Fears that a second wave of coronavirus infections could occur this winter now appear overly optimistic, as data suggests that several countries are already experiencing a fresh surge of cases.
And on Tuesday, Boris Johnson said a second wave seemed to be emerging in Europe.
New daily cases in Spain have risen more than five-fold since the start of July, prompting the UK government to reintroduce quarantine measures for people travelling from Spain to the UK.
Global cases are also still rising, with the head of the WHO saying on Monday that it is “easily the most severe health emergency” the organisation ever faced.
“The pandemic continues to accelerate,” said Dr Tedros Ghebreyesus. “In the past six weeks the total number of cases has roughly doubled.”
Of particular concern is that an increasing number of the new infections are coming from countries like Spain, which had initially appeared to have the virus under control.
Early signs of a second wave can also be seen in France, where new daily cases have roughly doubled since late June.
As with Spain, it is still far too early to tell whether a second wave will be anywhere near as serious as the first wave, which was brought under control by strict lockdowns that have since lifted.
A second wave of coronavirus cases that began to surge in Israel in early June has since reached record highs.
New confirmed cases in the country are now nearly triple the peak from the first wave.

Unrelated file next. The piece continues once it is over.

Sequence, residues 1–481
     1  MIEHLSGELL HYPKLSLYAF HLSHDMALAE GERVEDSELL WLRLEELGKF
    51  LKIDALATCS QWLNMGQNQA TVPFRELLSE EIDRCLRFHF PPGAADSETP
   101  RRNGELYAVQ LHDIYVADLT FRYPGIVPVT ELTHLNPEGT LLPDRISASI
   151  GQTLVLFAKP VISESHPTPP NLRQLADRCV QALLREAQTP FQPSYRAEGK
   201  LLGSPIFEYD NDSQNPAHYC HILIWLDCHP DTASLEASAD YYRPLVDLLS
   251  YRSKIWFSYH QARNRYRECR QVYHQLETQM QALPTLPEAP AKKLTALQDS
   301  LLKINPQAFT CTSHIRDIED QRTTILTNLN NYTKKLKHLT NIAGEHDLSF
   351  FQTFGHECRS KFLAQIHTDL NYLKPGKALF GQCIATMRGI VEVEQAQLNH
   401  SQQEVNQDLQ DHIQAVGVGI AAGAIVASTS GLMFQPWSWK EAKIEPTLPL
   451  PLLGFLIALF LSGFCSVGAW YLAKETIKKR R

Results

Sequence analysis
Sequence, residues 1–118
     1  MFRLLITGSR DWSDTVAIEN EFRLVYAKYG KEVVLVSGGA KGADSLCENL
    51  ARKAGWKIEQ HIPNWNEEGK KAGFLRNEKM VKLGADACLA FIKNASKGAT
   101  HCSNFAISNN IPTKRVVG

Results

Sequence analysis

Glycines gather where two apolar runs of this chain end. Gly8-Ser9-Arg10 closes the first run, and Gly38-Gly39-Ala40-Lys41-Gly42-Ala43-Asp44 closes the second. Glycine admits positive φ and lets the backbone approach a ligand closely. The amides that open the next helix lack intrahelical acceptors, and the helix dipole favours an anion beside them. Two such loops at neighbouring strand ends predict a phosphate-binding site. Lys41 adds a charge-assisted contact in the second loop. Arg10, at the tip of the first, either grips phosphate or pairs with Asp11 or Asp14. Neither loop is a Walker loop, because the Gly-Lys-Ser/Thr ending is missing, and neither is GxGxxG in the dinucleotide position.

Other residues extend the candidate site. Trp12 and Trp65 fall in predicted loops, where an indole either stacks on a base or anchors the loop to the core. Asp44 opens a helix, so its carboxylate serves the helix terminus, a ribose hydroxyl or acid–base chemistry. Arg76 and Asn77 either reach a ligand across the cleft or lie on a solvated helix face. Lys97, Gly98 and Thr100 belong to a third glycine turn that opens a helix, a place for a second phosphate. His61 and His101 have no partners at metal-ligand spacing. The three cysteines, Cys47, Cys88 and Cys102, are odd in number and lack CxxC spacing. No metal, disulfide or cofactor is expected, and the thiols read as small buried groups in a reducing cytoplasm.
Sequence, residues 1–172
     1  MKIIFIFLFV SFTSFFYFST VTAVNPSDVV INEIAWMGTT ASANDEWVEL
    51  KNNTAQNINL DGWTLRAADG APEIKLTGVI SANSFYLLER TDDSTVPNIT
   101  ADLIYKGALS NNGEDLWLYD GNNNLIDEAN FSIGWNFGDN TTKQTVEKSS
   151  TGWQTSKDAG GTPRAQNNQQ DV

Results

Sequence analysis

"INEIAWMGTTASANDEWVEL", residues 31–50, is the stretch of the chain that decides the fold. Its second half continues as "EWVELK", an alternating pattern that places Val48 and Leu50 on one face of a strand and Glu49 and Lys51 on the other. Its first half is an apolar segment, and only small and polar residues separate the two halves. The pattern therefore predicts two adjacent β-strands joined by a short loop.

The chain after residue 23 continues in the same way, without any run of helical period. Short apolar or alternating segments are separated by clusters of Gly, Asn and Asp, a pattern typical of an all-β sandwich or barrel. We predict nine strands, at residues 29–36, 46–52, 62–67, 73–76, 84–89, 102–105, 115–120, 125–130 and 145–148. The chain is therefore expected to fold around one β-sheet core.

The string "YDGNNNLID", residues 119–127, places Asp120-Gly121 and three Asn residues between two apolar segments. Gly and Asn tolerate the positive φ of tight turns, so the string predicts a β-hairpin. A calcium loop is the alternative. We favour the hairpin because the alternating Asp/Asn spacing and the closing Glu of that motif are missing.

Elsewhere in the Middle East, a second wave hit Iran in early May and peaked at around the same level as the first wave.
However, new cases are yet to decline in any significant number, with the second wave lasting far longer than the first.
By contrast, new cases in Saudi Arabia have dropped to around half their peak levels and continue to fall.
Several countries are yet to see an end to their first wave. The US is by far the worst affected country in terms of total cases, and a slight drop in new cases throughout May proved to be false hope of the first wave coming to an end.
The US has since gone on to record new daily highs reaching above 60,000 cases, though there is once again hope that the surge is levelling off.
A similar levelling-off can be seen in South Africa, where new daily cases briefly reached above 12,000.
India is also not yet witnessing an end to the first wave, with the country continuing to see record daily highs of cases.
This is also the case globally: the number of new cases has risen from around 100,000 per day at the end of May to more than 250,000 per day at the end of July.
One of the few countries yet to see a surge in new cases is the UK, though they are yet to consistently fall below 500 per day.
Scientists have described it as a chance to prepare for any potential second wave that could be worsened by a severe winter flu season.
Professor Stephen Holgate, a respiratory specialist from University Hospital Southampton, recently said: “With relatively low numbers of Covid-19 cases at the moment, this is a critical window of opportunity to help us prepare for the worst that winter can throw at us.”
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